Aromaticity is a property of cyclic (ring-shaped), planar (flat) structures with π bonds in resonance (those containing delocalized electrons) that gives increased stability compared to other geometric or connective arrangements with the same set of atoms. Aromatic rings are very stable and do not break apart easily.
An aromatic ring contains a set of covalently bound atoms with specific characteristics:
A delocalized conjugated π system, most commonly an arrangement of alternating single and double bonds
Coplanar structure, with all the contributing atoms in the same plane
Contributing atoms arranged in one or more rings
A number of π delocalized electrons that is even, but not a multiple of 4. That is, 4n+2 π-electrons, where n = 0, 1, 2, 3, and so on. This is known as Hückel’s rule.
According to Hückel’s rule, if a molecule has 4n+2 π-electrons, it is aromatic, but if it has 4n π-electrons and has the first three characteristics listed above, the molecule is said to be antiaromatic. The aromatic character of a molecule in the ground state is typically verified experimentally using nuclear magnetic resonance (1H-NMR), as this technique would detect a ring current in aromatic compounds.
Therefore, if the analysis 1H-NMR data coupled with computational calculations points to a molecule being aromatic, surely it is, right? Not that fast. A team of researchers has just proved 1 that is not the case in a six-porphyrin nanoring structure.
Annulenes are monocyclic hydrocarbons that contain the maximum number of non-cumulated double bonds. They have the general formula CnHn (when n is an even number) or CnHn+1 (when n is an odd number). Benzene is the smallest neutral annulene that presents π-conjugated aromaticity; other annulenes possessing 4n+2 π electrons are also considered aromatic.
But it is not a general rule, as it may not apply to larger molecules. It is well established that large annulenes suffer out-of-plane distortions and exhibit a poor overlap between π orbitals, thus favoring non-symmetric conformations that are much less aromatic. The larger the annulene, the less aromatic the molecule is expected to be. For this reason, it is difficult to find large aromatic macrocycles. Actually, geometrical constraints are imposed in some large macrocyclic structures with the hope to preserve conjugation, aromaticity, and quantum coherence.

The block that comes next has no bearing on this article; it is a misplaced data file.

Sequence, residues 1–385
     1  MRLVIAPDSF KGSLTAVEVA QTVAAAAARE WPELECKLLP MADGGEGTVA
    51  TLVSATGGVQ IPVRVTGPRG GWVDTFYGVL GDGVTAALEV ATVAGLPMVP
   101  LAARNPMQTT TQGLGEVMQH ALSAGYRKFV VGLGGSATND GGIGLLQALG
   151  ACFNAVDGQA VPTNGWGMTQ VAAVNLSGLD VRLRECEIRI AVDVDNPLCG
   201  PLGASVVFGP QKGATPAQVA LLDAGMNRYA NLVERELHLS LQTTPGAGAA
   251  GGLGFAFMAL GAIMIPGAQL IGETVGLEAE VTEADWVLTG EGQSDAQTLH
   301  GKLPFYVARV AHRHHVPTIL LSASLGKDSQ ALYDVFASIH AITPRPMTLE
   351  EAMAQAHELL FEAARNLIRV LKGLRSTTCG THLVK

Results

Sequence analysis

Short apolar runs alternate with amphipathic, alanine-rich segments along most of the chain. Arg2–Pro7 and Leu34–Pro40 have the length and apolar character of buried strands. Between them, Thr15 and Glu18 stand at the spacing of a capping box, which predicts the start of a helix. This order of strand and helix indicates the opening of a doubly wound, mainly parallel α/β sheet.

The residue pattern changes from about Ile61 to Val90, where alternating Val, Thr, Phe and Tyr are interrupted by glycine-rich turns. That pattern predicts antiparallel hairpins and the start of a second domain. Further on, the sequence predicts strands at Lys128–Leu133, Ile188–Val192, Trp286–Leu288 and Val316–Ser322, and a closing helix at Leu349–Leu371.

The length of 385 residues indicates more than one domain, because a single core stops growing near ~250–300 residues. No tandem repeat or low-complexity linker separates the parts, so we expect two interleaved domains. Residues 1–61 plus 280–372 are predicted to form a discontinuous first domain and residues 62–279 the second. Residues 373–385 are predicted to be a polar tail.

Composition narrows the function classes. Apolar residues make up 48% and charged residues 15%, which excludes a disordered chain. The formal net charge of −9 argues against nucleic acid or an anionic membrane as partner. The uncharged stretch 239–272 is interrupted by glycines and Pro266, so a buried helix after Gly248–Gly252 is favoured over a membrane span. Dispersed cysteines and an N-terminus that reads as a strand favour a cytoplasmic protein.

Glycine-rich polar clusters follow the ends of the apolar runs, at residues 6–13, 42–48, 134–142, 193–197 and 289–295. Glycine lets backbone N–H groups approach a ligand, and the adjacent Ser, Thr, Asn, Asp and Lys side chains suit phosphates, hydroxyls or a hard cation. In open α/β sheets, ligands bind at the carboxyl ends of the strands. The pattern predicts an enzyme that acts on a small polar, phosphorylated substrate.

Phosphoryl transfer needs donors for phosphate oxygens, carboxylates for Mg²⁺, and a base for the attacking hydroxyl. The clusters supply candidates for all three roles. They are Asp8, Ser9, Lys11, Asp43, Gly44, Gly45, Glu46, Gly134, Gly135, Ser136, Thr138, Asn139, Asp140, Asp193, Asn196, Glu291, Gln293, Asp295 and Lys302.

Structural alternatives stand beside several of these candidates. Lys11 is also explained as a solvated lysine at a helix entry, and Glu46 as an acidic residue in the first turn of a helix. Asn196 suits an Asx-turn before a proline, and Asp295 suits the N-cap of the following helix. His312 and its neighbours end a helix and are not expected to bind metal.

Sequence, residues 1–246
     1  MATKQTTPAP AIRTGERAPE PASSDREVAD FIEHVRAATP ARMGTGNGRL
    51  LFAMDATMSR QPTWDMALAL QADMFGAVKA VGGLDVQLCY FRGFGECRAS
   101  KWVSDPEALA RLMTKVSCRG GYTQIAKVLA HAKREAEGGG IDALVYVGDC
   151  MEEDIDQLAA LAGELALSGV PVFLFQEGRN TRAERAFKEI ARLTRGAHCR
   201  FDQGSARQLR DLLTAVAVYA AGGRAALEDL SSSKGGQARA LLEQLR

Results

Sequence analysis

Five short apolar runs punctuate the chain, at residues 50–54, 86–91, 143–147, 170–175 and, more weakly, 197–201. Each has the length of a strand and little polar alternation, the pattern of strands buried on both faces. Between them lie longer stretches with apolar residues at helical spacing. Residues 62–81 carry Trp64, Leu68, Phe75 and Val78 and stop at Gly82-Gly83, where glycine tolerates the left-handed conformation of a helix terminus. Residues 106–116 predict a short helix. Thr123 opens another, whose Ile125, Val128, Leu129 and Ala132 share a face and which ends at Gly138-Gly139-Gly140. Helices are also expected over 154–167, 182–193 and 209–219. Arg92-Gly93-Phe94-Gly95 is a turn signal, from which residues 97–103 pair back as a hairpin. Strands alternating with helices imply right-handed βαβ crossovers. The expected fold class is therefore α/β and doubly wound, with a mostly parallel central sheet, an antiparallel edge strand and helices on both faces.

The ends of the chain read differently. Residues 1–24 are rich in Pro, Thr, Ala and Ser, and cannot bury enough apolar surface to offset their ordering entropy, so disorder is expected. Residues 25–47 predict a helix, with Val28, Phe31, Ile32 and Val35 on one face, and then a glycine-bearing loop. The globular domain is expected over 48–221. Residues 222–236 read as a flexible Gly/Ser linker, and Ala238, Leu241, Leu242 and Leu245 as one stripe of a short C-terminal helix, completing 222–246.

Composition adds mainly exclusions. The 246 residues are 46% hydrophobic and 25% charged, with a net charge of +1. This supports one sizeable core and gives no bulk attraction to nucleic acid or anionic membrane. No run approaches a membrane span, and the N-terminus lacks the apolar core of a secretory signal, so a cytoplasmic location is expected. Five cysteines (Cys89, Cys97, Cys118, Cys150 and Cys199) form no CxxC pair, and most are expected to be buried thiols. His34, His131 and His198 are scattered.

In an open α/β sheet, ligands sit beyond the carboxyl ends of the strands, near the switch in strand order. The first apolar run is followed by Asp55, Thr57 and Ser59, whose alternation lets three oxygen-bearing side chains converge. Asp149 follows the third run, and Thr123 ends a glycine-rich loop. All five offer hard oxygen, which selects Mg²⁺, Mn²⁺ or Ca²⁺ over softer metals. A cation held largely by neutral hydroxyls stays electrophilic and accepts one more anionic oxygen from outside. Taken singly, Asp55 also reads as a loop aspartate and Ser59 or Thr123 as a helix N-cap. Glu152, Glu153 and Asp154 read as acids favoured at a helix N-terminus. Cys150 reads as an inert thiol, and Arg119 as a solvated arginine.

Porphyrin nanorings are very attractive compounds because they offer an end-free p-conjugated system with remarkable properties such as photophysical and guest encapsulating, which might lead to a myriad of applications in the field of single-molecule electronics, serve as light-harvesting antennas, or investigate energy transfer in biomimetic systems, among others.
Anderson and co-workers synthesized and analysed the aromaticity of a six-porphyrin nanoring (c-P6・T6) in four different oxidation states (c-P6・T6, c-P6・T64+, c-P6・T66+, and c-P6・T612+), concluding from 1H-NMR and computational analyses that the neutral and the c-P6・T612+ species are nonaromatic, whereas c-P6・T64+ and c-P6・T66+ are, respectively, antiaromatic and aromatic. These molecules were the first of a series of similar large macrocyclic structures exhibiting (anti)aromaticity, allegedly.
Now, a team of researchers demonstrates that the aromaticity of these large macrocycles is questionable. The researchers perform a throughout analysis of these species using several density functional approximations and various tools to analyse the aromaticity, providing compelling evidence that the conclusions are highly sensitive to the level of calculation employed.
The study of electronic structure of nanoring’s four oxidation states results in that the main reason behind the absence of an aromatic ring current in these nanorings is the low delocalization in the transition from the porphyrins to the bridging butadiyne linkers, which disrupts the overall conjugated circuit. Some approximations present such large delocalization errors that they artificially enhance the aromaticity of c-P66+. Hence, 1H-NMR data cannot be used to unequivocally assess the aromaticity of this species.
None of the large nanorings can be considered aromatic, and the quest for large aromatic nanorings should be continued. These results highlight the importance of choosing a suitable computational method to study large conjugated molecules and the appropriate aromaticity descriptors to identify the part of the molecule responsible for the loss of aromaticity.
Author: César Tomé López is a science writer and the editor of Mapping Ignorance
Disclaimer: Parts of this article may be copied verbatim or almost verbatim from the referenced research papers.